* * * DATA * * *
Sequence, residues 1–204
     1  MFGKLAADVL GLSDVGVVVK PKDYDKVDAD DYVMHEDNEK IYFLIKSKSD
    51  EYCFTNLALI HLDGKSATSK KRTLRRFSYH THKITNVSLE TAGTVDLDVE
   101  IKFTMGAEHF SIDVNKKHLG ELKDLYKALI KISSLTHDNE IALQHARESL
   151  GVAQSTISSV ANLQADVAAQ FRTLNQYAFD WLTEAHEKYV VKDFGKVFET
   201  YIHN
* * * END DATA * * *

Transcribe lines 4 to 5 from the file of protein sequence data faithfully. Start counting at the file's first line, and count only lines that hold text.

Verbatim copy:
   101  IKFTMGAEHF SIDVNKKHLG ELKDLYKALI KISSLTHDNE IALQHARESL
   151  GVAQSTISSV ANLQADVAAQ FRTLNQYAFD WLTEAHEKYV VKDFGKVFET